Ideology, Intelligence, and Capital with Nick Land

Ideology, Intelligence, and Capital with Nick Land

32 thoughts on “Ideology, Intelligence, and Capital with Nick Land

  1. My opinion? This is one of the most masturbatory conversations I've EVER heard. The hubris of "Accelerationism" on the left- ramp up Capitalism in the hope that the system collapses, causing huge suffering, mass civil uprising, civil war, death – all in the hope that some Marxist elites can swoop in and say – "Ha! Ha! I told you so -now let ME tell you how things should be". The way you chaps pussy foot around this point is kind of subhuman.
    Ah yes – and the way Nick Land says the word "Emancipation" causes me to dry heave every time he says it.

  2. In a century, Land will be just as influential and infamous as Nietzsche, Stirner and Heidegger are today.

  3. Great interview.
    question: why do you refer to everything as a capitalistic process? there is no such thing as capitalism. there is only life. thus, the machines will not create their own “capitalism” they will simply try and create more life. machines will not use blockchain to become better amazon shoppers. they will use blockhain to fine tune their algorithms and create a dominance hierarchy. example: the machine with the most btc is the leader.

    life is amazing. stop being a marxist and become a crypto anarchist.

    look into kevin kellys technium hypothesis.

    peace. my brother.

  4. Land's analogies are probably what makes his vision, or at least some of his intuitions, still profoundly interesting. He contextualizes things by giving them a place in a wider (at least, wider than its own) coherent system. This should be philosophy, though: placing concepts in the system that appeals to them the most in order to understand what kind of potential or actual function they carry.

  5. I'm not sure I understand the analogy between critique and bitcoin, but here is a go at it.

    1) So, critique insists on a distinction between objectivity and object, against metaphysics. I take this to mean, in Kantian key, that one cannot confuse the conditions that structure phenomena for those that structure noumena, i.e. we must not confuse things as they appear for-us, and how things are in themselves.

    2) Bitcoin proposes a peer to peer currency exchange system that bypasses the mediation of a trusted third party qua "central commanding hub". The destitution of such centralized command systems, first by the internet and second by Bitcoin, is identified as the overcoming of the "the supreme metaphysical error" analogous to what "objects" are for pre-critical philosophy,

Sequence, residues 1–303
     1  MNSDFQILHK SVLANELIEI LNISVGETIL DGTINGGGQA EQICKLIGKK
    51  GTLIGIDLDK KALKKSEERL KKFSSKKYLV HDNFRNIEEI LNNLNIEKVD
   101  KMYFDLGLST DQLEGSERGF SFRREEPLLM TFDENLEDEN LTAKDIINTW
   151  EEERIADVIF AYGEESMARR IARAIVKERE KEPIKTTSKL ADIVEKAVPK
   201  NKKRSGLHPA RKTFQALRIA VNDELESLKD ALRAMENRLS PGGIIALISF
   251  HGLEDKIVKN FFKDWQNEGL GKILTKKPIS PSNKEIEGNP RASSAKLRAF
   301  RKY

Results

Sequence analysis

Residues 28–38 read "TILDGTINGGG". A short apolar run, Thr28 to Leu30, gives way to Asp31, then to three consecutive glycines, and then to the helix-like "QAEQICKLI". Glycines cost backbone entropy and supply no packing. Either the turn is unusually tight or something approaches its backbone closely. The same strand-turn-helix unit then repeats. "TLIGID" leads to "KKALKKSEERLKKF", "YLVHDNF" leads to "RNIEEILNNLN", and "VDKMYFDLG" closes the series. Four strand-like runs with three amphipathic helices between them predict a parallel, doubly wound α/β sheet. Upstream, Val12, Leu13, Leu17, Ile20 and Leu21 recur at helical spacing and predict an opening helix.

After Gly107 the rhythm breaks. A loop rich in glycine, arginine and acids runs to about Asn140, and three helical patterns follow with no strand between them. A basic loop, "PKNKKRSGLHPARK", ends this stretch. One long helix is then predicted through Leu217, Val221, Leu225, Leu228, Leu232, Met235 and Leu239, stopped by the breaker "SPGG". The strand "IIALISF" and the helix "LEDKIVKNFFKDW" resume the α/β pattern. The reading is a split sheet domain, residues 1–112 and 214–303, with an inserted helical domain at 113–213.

So I suppose the analogy is: phenomena are to metaphysically postulated objects as bitcoin is to trusted third-party mediated currency exchange protocols.

    4) But this doesn't quite seem to fit. What is the subject, for Kant, if not a "central command system" which produces representations and so determines the conditions of possibility for every object of experience? If Bitcoin is the abolition of such a centralized command system in favor of a distributed system, then it is surely, at least post-Kantian, and thus not analogous to phenomenal constitution. It does not trade third-party trusted constitution by some other centralized constitution.

    5) However, this does not mean it is not still critical. If Bitcoin is the realization of critique, it is because the incipient Kantian apparatus was precisely still overladen with metaphysical assumptions, i.e. the transcendental subject was still a metaphysical construction. But insofar as it dispenses of any notion of centralized command system, the blockchain actualizes a genuine post-metaphysical system of informational exchange, that does not require the unifying agency of a subject, and thus which escapes the lingering metaphysical burden in Kant's first attempt at critique.

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